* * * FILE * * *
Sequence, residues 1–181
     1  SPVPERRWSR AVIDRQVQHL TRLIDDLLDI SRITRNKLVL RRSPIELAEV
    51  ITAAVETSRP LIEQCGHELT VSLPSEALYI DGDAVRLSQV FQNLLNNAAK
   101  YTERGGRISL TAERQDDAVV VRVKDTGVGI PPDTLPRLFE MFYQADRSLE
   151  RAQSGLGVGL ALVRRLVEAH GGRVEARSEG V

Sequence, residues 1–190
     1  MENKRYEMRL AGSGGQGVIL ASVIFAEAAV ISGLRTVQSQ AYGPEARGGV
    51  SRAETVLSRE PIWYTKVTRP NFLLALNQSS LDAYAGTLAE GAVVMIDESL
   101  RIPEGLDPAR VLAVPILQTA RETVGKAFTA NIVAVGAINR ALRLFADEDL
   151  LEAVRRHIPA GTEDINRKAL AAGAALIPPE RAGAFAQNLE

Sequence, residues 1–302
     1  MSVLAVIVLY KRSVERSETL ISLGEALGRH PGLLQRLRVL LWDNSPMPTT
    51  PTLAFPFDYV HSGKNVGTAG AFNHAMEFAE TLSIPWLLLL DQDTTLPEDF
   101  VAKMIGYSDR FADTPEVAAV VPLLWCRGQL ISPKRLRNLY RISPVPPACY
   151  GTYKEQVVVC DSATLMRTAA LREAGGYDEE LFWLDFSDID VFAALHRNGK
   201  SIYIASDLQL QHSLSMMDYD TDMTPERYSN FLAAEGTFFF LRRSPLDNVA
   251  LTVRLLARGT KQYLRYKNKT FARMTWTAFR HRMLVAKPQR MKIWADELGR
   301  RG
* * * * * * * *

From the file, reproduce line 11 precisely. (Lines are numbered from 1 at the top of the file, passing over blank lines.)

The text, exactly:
Sequence, residues 1–302